Chef Takeshi Suda slices into the deadly blowfish
Photo: Joy Asico / Asico Photo
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The plump, mottled fugu sits on a well-worn wicker platter and stares up at us with bright and shiny yellow eyes. Fat and tapered like a monstrous tadpole, its belly is a pale, rose-tinted pink, and it has thick lips and high, wide-set nostrils. It’s hard to believe such a goofy looking fish carries enough poison in its body to kill multiple people.

If you’ve heard of the famously poisonous fugu it’s probably because of The Simpsons. When Homer is served what is believed to be an inexpertly butchered portion of fugu by an apprentice sushi chef (the master being preoccupied with Mrs. Krabappel in the back of a car), he’s rushed to the hospital and told that he has 24 hours to live.

According to chef Takeshi Suda, that’s not so far from the truth. Suda is a washoku (“Japanese Cuisine”) chef at Gyosho Dining Okimizuki, a seafood restaurant with ocean views that is, seemingly without irony, located inside of the Kamo Aquarium in Tsuruoka City.

While fugu aren’t exclusively from the seas outside Tsuruoka City, this is a particularly good place to try the specialty. Tsuruoka, which sits on the northwestern coast of Japan in the Yamagata prefecture (which itself is inside of the region of Tohoku), is a UNESCO-designated Creative City of Gastronomy. This means that the food culture of the city and surrounding area—and the unique regional ingredients they have access to—make it singular and unique in the world. In a country famous for its food, Tsuruoka City (and the wider Tohoku region) are standouts.

“As a chef you’re not allowed to even touch the puffer fish without a special license,” Suda explains. As he skillfully cuts into the fish and breaks it down we can see that the guts range in color from caucasian pink to French’s Mustard yellow to bile green, and he specifically points out the liver. “If you have even a millimeter worth of that particular organ, you will die.” The same goes for the kidneys.

Over the past decade or so the actual danger of fugu has become subject to debate. The Manbou Corporation, with the support of the Saga prefecture, claimed that the way it fed its farm-raised fugu made it develop without the potent neurotoxin that has made the fish so famous, and the company petitioned for the sale of fugu liver. Fish farms in China have also made the same claim. Absent the toxin, fugu liver is touted as a delicacy that surpasses foie gras.

In Japan fugu butchery still requires a license, though, and because of the skill required to prepare it and the high cost of the fish itself, it’s a luxury typically reserved for formal events or celebrations.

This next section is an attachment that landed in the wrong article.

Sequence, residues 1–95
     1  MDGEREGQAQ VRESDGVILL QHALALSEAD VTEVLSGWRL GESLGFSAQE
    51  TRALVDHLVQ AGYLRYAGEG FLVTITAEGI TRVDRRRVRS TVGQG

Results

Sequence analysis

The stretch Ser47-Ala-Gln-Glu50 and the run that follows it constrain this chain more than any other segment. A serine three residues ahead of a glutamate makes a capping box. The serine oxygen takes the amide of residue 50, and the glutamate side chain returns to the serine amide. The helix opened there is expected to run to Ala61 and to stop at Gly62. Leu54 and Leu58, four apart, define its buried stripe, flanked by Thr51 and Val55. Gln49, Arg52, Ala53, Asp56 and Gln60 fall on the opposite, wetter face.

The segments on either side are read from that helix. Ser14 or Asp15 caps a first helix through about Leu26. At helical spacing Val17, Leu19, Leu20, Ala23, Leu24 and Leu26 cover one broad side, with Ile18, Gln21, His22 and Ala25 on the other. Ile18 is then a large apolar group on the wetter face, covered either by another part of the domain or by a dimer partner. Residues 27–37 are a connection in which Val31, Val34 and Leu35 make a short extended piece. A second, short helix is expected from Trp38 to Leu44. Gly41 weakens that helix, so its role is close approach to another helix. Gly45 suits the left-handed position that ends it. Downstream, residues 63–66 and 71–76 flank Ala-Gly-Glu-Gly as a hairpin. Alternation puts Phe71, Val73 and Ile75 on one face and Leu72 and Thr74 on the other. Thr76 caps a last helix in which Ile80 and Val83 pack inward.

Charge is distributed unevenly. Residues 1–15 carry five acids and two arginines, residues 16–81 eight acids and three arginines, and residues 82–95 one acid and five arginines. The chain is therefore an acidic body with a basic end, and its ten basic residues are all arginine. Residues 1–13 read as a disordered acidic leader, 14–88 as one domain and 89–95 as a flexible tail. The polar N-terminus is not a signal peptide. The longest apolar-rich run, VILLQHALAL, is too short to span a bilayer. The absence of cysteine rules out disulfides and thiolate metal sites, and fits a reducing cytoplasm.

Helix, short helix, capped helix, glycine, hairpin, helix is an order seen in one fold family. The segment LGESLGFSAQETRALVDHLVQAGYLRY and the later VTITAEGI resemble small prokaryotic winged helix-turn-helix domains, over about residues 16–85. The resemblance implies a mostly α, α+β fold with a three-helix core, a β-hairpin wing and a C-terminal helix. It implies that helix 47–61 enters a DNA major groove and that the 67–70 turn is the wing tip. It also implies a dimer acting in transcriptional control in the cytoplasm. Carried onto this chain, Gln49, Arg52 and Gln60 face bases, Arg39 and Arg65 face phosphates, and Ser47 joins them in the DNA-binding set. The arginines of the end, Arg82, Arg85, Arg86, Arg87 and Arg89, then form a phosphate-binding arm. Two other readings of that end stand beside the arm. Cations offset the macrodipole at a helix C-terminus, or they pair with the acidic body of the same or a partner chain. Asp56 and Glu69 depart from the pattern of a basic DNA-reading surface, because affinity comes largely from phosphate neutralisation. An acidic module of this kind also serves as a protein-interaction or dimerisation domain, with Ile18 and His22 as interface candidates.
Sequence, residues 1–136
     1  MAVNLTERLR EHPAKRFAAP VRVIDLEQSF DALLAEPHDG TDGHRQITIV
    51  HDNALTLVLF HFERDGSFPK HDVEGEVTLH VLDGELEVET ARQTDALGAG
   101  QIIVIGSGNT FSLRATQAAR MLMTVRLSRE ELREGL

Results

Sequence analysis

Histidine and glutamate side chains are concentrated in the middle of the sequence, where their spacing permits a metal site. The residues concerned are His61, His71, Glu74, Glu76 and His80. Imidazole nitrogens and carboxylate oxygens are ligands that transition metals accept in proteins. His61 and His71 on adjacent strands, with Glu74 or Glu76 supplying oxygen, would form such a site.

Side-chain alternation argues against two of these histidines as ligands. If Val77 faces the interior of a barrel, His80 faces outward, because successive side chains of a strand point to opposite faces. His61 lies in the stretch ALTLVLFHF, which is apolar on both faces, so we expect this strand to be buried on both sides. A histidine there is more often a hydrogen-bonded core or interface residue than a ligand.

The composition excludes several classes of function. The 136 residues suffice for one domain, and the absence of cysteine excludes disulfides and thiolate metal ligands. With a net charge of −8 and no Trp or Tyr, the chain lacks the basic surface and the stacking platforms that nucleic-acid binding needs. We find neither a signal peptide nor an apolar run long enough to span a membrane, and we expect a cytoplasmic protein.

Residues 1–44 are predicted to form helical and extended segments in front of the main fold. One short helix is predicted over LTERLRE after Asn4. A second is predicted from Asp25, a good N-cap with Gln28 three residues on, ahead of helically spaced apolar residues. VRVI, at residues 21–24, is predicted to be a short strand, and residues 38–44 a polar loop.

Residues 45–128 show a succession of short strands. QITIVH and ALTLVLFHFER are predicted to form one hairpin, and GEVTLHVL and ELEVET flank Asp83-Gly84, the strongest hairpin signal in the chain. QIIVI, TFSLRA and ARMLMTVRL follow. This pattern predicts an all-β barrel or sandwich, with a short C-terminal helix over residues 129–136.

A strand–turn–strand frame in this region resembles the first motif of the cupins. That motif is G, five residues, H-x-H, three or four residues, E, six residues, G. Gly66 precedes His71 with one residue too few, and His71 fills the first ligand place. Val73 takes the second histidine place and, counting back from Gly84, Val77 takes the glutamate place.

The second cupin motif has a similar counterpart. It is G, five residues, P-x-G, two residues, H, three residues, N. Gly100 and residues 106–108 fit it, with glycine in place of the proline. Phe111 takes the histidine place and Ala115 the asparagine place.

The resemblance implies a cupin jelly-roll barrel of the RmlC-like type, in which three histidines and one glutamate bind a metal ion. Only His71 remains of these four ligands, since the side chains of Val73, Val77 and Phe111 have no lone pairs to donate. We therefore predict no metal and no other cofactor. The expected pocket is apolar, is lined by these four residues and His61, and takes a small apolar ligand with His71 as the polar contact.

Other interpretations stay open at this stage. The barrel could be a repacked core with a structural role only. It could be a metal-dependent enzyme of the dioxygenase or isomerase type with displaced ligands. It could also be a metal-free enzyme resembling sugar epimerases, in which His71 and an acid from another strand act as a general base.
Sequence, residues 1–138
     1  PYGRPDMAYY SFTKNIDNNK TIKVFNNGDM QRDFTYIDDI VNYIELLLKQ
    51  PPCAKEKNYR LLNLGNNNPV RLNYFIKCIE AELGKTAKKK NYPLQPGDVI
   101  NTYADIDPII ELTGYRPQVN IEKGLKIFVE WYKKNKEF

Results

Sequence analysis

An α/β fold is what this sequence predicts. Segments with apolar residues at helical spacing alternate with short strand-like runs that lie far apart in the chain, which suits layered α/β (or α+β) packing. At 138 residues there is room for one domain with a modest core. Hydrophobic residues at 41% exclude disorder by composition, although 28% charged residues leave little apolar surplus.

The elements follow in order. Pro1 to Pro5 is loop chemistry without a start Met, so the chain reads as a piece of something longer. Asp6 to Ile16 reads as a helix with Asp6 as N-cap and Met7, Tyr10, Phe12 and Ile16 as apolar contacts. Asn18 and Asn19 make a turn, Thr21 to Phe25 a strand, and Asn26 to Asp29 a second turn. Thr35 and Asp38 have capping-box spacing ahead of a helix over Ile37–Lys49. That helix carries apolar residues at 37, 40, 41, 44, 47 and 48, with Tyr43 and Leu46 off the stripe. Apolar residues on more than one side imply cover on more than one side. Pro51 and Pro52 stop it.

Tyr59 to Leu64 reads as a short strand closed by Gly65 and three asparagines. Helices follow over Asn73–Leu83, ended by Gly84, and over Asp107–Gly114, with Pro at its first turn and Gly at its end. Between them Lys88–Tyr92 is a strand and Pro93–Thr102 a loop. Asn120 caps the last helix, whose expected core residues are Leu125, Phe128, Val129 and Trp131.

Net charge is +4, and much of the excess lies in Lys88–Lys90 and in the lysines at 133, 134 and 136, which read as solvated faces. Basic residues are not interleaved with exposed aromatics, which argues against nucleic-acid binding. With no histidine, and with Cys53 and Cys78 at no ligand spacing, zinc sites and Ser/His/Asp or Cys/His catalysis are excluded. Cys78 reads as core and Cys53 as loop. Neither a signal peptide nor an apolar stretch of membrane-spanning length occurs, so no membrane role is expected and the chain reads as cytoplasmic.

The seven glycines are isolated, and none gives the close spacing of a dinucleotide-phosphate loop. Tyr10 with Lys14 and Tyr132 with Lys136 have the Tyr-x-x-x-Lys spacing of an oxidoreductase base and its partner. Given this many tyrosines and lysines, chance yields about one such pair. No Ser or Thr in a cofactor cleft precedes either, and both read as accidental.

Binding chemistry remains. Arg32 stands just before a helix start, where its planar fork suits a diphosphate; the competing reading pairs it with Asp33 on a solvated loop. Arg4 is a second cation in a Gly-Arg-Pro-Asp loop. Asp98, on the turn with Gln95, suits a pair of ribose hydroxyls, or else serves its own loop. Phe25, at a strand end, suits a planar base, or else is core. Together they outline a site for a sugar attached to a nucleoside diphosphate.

The fugu that Suda is preparing is a variety called torafugu (“tiger fugu”), named for the mottled pattern that appears on its skin. Torafugu is the highest grade of fugu available, and Suda says that at the peak of its fishing season it can sell for $200 per kilogram. That price can get even higher in metropolitan areas such as Tokyo, or if the chef and/or restaurant are particularly exclusive or well-regarded. While you can find fugu at a typical sushi restaurant for as little as $60, Suda says that’s because restaurants order their fugu pre-sliced. If you want it sliced fresh (and poison-free) by an artisan, you’re going to pay more.

The fugu guts, post-butchery
The fugu guts, post-butchery
Photo: Jacob Dean

Learning to butcher and serve fugu requires deliberate, specialized training, and when Suda was enrolled in culinary school, fugu preparation was its own special track. Chefs with that specific skill set are in high demand, and with it comes higher pay. “It’s almost like a completely different level of training,” Suda says. “You have a sushi chef, and then you have a specialist who can work with the fugu.”

As he speaks, Suda carefully uses long steel chopsticks to arrange the folds of translucent white flesh on a serving plate into a tableau of a crane flying above an ocean. The trimmings and more sinewy pieces become jumbled seaspray, and carved limes line the bottom of the scene, like boulders lining the edge of a storm-tossed beach. He carefully lays gold leaf over the tips of the crane’s wings, feathers catching the rays of the sun.

It’s a very prestigious position, Suda explains, his eyes on his work, but it can also be quite nerve-racking, and the training is arduous: “There are some people who just refuse to do it.” For the first two years the work is heavily supervised, and after that is an eight-year apprenticeship, during which chefs are allowed to prepare the fish, but can’t serve it directly to customers without supervision. Suda has been preparing fugu for 17 years, but he says it took him the full decade of training before he began to feel confident in his skills. Now his restaurant is considered the single best place to eat fugu in the entire Yamagata prefecture.

With his careful butchery concluded, Suda gently places the platter before us. The taste of the fugu is subtle, not exactly bland but also not overtly flavorful, and the fish has a fibrous texture that requires persistent chewing. This dish might be expensive, but it lacks the fatty extravagance of a piece of tuna belly or the creamy, tongue-coating intensity of sea urchin. Taken out of context, it’s probably not a fish your average American would gravitate toward. What’s interesting, though, is that, even when prepared by a master, the experience feels legitimately risky. Maybe that’s the point. After all, how many other dishes can offer both fear and luxury in equal measure?

Jacob Dean is a freelance food and travel writer based in New York. He holds a doctorate in psychology and likes beer, less traveled airports, and is allergic to grasshopper tacos.

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